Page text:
ouch, remind me not to cross you after a sleepless night, Kate! You picked more holes in that one than a leaky sieve. Must admit I didn't see it the way you did. For what it's worth, here's my two penn'orth.

The cinnamon - so they ran out. It happens. You nip out and get more. Sounds like a busy two-woman business, so I could see it slipping through the cracks.
The 'misused' word - I'd say imaginative, descriptive. I could see June taking off her apron and whisking out the door. It was visual, indicated speed. Fine.
The man's name, Tony - okay, so he didn't introduce himself and we weren't told he had a name tag but Karli had phoned the company to get a repairman to call, so it's not that big a stretch to think someone had said 'our guy Tony will be with you today'. He knew HER name, too - details had clearly been exchanged. I thought the joke about him being Tony Bennett and his parents meeting in San Francisco was a nice touch and didn't need the sledgehammer treatment of additional quips.
The oven - author Kathleen said it was a big commercial one, and I'm sure there are as many varieties of those as there are ordinary ones, some with hood lights, some without. It wouldn't drag me out of the story worrying if there was one or not.
The biscuits at the end - we know this is a two-woman operation, so it's a small place where both Karli and June chip in doing a bit of everything. I didn't think Karli knew Tony was out there, she just went out and found he was the customer who'd ordered the biscuits. Again, wondering about every tiny detail didn't spoil my enjoyment.

For me, it was the phantom recently engaged couple, Polly and Joe, that were unnecessary. We didn't find out who they were, friends, relatives, customers, whatever, and for me they added nothing to the story. The references to what the unknown Polly might have thought when she said yes to Joe seemed like a waste of words that could have been better used on conversation between the two leads. Maybe their details fell foul of the red editing pen...

That aside, it was an okay story for me. I wish you a good night's sleep tonight, Kate, you'll feel better for it!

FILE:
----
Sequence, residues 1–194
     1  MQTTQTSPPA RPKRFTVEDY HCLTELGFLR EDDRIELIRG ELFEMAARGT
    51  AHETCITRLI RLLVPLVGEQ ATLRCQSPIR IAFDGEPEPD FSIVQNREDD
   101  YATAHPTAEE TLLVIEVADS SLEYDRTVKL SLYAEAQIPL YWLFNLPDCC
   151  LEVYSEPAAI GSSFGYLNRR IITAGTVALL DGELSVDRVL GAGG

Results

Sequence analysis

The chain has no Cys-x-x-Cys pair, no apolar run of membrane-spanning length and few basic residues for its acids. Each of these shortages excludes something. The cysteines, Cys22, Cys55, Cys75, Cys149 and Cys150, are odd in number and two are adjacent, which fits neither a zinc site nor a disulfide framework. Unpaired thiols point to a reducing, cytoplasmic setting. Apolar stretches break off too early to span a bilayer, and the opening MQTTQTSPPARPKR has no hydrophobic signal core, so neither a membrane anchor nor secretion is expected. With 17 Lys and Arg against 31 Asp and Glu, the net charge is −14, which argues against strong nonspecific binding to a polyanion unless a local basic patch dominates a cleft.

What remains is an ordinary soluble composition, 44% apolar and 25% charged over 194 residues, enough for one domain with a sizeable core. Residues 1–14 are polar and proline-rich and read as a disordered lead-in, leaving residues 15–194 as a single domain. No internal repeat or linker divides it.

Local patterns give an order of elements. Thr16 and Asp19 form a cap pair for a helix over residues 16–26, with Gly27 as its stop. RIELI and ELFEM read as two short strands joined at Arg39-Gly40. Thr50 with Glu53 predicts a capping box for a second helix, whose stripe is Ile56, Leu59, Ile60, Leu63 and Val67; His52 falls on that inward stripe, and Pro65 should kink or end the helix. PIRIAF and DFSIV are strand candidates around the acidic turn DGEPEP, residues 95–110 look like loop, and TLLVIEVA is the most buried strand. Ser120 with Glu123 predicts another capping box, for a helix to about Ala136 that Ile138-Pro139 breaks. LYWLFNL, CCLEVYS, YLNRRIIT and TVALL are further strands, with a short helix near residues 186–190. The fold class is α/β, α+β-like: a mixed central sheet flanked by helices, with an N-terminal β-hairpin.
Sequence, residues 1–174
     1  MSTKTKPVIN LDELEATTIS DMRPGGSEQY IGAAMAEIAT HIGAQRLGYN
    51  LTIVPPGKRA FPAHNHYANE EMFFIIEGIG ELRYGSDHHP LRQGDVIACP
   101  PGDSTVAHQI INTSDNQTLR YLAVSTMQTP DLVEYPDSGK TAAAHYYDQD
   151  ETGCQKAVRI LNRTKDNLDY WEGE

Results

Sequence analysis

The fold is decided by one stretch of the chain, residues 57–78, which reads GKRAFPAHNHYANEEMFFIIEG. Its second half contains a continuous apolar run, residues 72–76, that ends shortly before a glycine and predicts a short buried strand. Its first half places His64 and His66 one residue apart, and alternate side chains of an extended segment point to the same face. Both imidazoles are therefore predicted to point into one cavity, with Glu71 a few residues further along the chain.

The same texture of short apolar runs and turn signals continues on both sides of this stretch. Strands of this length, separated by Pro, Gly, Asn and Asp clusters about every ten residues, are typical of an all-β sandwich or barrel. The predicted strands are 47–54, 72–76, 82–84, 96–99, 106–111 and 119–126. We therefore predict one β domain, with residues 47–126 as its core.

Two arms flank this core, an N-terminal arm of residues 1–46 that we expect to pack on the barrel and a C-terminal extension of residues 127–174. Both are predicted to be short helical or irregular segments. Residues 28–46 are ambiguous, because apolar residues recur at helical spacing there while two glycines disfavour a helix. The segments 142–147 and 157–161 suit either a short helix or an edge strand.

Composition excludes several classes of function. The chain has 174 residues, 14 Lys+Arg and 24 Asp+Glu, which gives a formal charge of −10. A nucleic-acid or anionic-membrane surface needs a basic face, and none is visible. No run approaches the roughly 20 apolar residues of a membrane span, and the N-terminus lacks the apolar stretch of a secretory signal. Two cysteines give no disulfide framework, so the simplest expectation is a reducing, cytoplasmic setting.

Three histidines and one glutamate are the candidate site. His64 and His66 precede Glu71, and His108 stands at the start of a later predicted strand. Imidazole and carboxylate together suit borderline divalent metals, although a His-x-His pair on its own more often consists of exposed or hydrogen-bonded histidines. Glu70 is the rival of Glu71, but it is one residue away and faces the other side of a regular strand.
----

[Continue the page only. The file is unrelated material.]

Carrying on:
Kate Willoughby said...

Chris, you are much more forgiving than I am. It is now the next day and I have had my sleep and those things still bother me.

It just goes to show you, everyone has their own opinion and people are probably lucky I don't have Johnene's job! LOL

Betsi said...

Kate, I'm with you. I thought this story was very muddled and I had to force myself to keep reading it.

I'm a self-admitted member of the grammar police, and the incorrect use of "whisked" turned me off too.

Pat said...

Wow. I have to go back and look at this story again. I remember the it, because I laughed at his name being Ton Bennett.

I didn't think about the restaurant comments at the time, but I do agree with most of them. I guess I chalk them up to editing or a writer who never worked in a commercial kitchen. having purchase spices at a restaurant supply place, I know they come in huge containers so it does seem odd that they'd run out.

I probably would have comments on some of the same things you did, Kate, if I was critiquing this story in our writing group. As a reader, I am grateful that you point them out with WW's romances. As a reader WW pulls me into the story and I suspend my disbelief and follow along with the characters.

Hope you get some rest.

Sandi said...

Kate, I think you are a perfectionist. That's why you ferret out the details that hit a wrong note. I didn't notice these details, because I have never worked at a diner. When you pointed them out, I see where some readers might be turned off. Yet it was published. I also still wonder how much was written by Kathleen E. Dunlad and how heavily it was edited. Maybe Kathleen didn't write "whisked." Perhaps the editor added it. In general I liked the story, but it didn't give me the "sigh" at the end of the story that I am always going after.

Jody E. Lebel said...

"The repairman is cute. He comes back later to sample her biscuits." heh heh

That was actually better than the story.

Kate Willoughby said...

Sandi, I am a card carrying member of the Perfectionist society, but I tell myself that's, for the most part, a good thing. :)

Jody, LOL.